For me, some of the most valuable material is provided in Chapter Eight as Kegan and Lahey focus on three “necessary ingredients” that, for shorthand purposes, they identify as “gut,” “head and heart,” and “hand.” The extent to which a person is connected to all three will almost certainly determine the extent to which that person will be able to achieve and then sustain the significant changes that are desired. The two-pronged challenge is to establish and then sustain a tight connection with each of the three necessary ingredients, and, to then get them and sustain them in proper alignment/balance with each other. Kegan and Lahey examine each of the three ingredients, stressing the unique role of each: the “gut” functions as a vital source of motivation to “unlock” the potential for change, “head and heart” work simultaneously to engage both thinking and feeling throughout change initiatives, and the “hand” metaphor correctly suggests the importance of doing what the mind perceives and the heart yearns to be done. The authors quote Immanuel Kant’s observation that “perception without conception is blind.” In this context, I am reminded of Thomas Edison’s assertion that “vision without execution is hallucination.”
Near the end of this chapter, they list and briefly discuss what those change agents who have helped to accomplish adaptive change share in common. For example, they change both their mindset and their behavior. They are keen observers of their own thoughts, feelings, and actions to learn as much as they can from them, not only about themselves but also (and especially) about their impact on others. One of their more important, indeed compelling objectives is to create more mental and emotional “space” for themselves; that is, to create more opportunities to learn, stretch, and (yes) to fail because they realize that every so-called “failure” is a precious learning opportunity.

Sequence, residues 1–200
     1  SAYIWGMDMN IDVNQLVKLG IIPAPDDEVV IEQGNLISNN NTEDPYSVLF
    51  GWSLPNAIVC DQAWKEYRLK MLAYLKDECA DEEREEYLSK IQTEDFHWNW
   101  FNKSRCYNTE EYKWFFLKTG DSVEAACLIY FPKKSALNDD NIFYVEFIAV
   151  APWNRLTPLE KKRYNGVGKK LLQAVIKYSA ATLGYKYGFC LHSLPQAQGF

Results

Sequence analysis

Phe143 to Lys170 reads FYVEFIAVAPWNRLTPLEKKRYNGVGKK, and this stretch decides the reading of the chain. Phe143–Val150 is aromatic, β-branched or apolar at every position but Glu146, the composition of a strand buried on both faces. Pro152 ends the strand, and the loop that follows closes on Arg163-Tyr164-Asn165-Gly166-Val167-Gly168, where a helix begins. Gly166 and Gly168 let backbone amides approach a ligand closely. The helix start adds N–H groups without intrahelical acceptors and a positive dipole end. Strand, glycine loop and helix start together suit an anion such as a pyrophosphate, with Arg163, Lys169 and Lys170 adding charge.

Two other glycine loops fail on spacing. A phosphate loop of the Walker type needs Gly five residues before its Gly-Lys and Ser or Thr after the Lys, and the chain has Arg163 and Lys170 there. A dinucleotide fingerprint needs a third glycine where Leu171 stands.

They take focused, bold and yet prudent risks and thereby “build on actual, rather than imagined, data about the consequences of their new actions.”(In this respect, they are “betting” on themselves.) And paradoxically, the more they experience and the more disciplined as well as enlightened they become, the greater their sense of personal freedom. They find an increasingly more numerous – and more significant – opportunities to apply what they have learned. Their new as well as their more highly developed mental capabilities can be brought to bear on other challenges, in other venues, both in their work and in their personal lives.
In the final chapter, Kegan and Lahey list seven crucial attributes of those individuals and organizations that take “a genuinely developmental stance.”(Pages 308-309) I presume to suggest that those about to read this book examine this list first, then the Introduction and twelve chapters. I think this approach will guide and inform a careful reading of the material provided.
When concluding their brilliant book, Robert Kegan and Lisa Laskow Lahey reassure their reader “that there is no expiration date on your ability to grow.” That said, “We wish you big leaps and safe landings.” In personal development as in climbing the world’s highest mountains, attitude determines altitude. Let the ascent begin!